UK growth forecast for 2017 revised up
The UK economy's growth forecast for this year has been revised sharply higher by the Budget watchdog.
The Office for Budget Responsibility now expects the economy to grow by 2%, up from its previous forecast of 1.4%.
However, growth is then expected to slow to 1.6% the following year, before gradually accelerating to 2% by 2021.
The OBR expects government borrowing for 2016-17 to be £51.7bn - a fall of £16.4bn from its November forecast and £4bn lower than the 2016 Budget figure.
By 2021-22 the deficit is forecast to fall to £16.8bn.
Government borrowing is expected to fall from 3.8% of GDP last year to 2.6% this year. The figure would then rise to 2.9% in 2018-19, but fall to 0.7% by 2021-22 - the lowest rate in two decades, according to the chancellor.
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Philip Hammond said his Budget would "fund all additional spending decisions", and that would allow the government to avoid additional borrowing.
He said some had argued that lower government borrowing could permit higher spending, but he disagreed.
"Britain has a debt of nearly £1.7 trillion - almost £62,000 for every household in the country. Each year, we are spending £50bn on debt interest - more than we spend on defence and policing combined," he told MPs.
"And borrowing over the forecast period is still set to be £100bn higher than predicted at Budget 2016."
The OBR said: "The government remains on track to meet its targets for the structural deficit and public sector net debt.
"The government does not appear to be on track to meet its stated fiscal objective to 'return the public finances to balance at the earliest possible date in the next Parliament'."
The OBR also raised its forecast for inflation this year from 2.3% to 2.4%.
This figure was too conservative, said Rebecca Piggott, research fellow at the National Institute of Economic and Social Research, which expects CPI inflation to peak at about 3.7% at the end of this year.
"We think the OBR's projections for real income and consumer spending growth are too optimistic," Ms Piggott said.
The rate of CPI inflation is then expected to fall to 2.3% in 2018-19 - slightly lower than its previous forecast - and drop further to 2% in 2019.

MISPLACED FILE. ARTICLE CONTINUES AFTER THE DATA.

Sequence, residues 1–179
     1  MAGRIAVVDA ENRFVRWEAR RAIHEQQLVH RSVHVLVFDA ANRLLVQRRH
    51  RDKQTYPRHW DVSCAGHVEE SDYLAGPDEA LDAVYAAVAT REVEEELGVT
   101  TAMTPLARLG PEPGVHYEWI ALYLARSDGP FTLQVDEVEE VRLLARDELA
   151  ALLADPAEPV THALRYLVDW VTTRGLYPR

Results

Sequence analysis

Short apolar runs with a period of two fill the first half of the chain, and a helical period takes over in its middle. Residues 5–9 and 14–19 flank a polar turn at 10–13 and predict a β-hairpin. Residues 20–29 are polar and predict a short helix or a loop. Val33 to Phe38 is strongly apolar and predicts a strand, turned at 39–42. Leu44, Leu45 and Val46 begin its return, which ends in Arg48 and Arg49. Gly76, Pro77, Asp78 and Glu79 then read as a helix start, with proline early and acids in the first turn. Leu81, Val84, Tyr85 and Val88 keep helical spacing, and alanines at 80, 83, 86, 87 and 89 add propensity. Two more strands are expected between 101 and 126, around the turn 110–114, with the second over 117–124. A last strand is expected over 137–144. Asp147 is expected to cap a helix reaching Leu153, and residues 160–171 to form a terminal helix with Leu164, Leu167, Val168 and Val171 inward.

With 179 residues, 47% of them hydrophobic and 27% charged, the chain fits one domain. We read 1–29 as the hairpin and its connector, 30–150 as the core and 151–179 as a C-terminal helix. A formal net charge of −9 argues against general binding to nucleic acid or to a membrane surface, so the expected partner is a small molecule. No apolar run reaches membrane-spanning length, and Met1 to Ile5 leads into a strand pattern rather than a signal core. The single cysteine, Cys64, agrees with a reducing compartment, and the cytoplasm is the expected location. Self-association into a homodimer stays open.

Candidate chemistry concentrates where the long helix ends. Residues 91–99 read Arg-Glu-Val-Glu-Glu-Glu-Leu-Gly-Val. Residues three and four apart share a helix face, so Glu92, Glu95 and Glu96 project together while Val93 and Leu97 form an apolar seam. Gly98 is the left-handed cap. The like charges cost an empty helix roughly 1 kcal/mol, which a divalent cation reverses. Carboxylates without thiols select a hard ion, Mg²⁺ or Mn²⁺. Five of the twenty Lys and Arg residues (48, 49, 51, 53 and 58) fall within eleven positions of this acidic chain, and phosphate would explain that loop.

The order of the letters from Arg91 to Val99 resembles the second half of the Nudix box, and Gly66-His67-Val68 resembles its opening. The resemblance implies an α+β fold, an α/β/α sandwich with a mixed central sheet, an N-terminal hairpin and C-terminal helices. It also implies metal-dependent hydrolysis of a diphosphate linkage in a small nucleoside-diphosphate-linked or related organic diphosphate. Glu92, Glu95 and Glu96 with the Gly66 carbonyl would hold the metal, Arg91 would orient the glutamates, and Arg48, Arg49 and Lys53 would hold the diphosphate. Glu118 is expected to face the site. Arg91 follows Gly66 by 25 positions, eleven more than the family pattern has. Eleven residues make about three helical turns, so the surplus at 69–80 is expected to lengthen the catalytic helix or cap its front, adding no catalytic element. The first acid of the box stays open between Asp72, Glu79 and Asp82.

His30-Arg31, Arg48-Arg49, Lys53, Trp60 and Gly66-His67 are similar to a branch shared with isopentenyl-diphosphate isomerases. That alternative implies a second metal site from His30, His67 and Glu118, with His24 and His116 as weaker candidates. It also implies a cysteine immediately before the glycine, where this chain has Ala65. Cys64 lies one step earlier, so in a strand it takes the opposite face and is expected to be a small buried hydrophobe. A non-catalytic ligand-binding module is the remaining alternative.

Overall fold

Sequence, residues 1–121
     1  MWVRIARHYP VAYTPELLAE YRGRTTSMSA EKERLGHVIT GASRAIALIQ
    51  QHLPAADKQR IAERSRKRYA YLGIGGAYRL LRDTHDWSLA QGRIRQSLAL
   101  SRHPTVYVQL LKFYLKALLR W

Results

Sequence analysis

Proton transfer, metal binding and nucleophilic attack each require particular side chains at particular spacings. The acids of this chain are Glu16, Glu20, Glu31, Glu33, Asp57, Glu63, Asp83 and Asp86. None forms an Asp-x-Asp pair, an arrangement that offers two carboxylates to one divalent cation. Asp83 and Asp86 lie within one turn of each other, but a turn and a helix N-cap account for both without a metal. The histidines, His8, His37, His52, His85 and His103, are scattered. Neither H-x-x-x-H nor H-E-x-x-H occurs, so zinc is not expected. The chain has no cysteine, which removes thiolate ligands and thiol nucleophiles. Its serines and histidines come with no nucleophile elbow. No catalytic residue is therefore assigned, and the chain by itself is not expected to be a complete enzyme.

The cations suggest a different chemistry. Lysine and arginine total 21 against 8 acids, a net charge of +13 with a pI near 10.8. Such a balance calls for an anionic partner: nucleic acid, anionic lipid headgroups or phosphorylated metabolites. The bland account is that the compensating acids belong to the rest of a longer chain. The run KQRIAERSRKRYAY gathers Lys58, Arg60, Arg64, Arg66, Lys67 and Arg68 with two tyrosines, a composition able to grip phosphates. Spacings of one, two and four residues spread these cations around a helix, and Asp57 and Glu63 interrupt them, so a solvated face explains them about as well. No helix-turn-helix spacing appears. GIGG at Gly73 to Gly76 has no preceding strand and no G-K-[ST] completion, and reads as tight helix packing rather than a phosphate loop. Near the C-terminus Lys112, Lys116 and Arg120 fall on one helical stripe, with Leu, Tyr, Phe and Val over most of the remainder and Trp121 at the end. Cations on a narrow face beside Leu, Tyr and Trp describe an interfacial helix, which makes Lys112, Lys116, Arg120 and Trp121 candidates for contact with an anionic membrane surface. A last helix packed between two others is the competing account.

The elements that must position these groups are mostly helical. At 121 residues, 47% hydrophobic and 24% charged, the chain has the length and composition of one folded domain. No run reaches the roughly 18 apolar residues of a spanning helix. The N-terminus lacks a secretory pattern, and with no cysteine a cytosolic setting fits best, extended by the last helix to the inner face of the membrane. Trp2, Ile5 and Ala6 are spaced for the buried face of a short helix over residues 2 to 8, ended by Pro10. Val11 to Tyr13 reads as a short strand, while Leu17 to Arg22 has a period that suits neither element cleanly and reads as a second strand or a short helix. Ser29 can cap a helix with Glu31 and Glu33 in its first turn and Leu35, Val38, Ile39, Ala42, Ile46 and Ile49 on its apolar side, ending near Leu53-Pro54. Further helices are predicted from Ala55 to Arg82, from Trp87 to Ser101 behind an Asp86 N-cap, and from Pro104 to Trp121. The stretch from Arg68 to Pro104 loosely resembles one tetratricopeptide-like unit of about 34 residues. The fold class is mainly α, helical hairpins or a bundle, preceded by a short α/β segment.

Jonathan Loynes, chief economist at Capital Economics, said the OBR's caution had deprived Mr Hammond of an additional Brexit "war chest" that some had predicted.
"If we are right in expecting the economy to remain rather more resilient than the OBR expects, then public borrowing will clearly fall rather faster and give the chancellor more elbow room," he said.
"For now though, the big picture is still one of a substantial further tightening of fiscal policy over the coming years."
John Hawksworth, PwC chief economist, said Mr Hammond's reluctance to boost spending was understandable given the OBR made little change to its medium-term projections for either economic growth or public borrowing.
"Facing many economic and political uncertainties around Brexit and other geopolitical events, it was prudent for the chancellor to protect the £26bn headroom he left himself in meeting the new fiscal target he set out in the Autumn Statement," he said.
"But, given the OBR's view that the underlying economic position has not changed materially since November, the chancellor was not able to add to this headroom despite his cautious overall Budget judgement."
The OBR was implicitly assuming a soft Brexit, according to Samuel Tombs, chief UK economist at Pantheon Macroeconomics.
"The intensity of exports and imports, as well as immigration flows, are assumed to decline gradually, rather than falling sharply as they might after a hard Brexit. Like the OBR, we expect a soft Brexit, but the risks lie towards a worse outcome."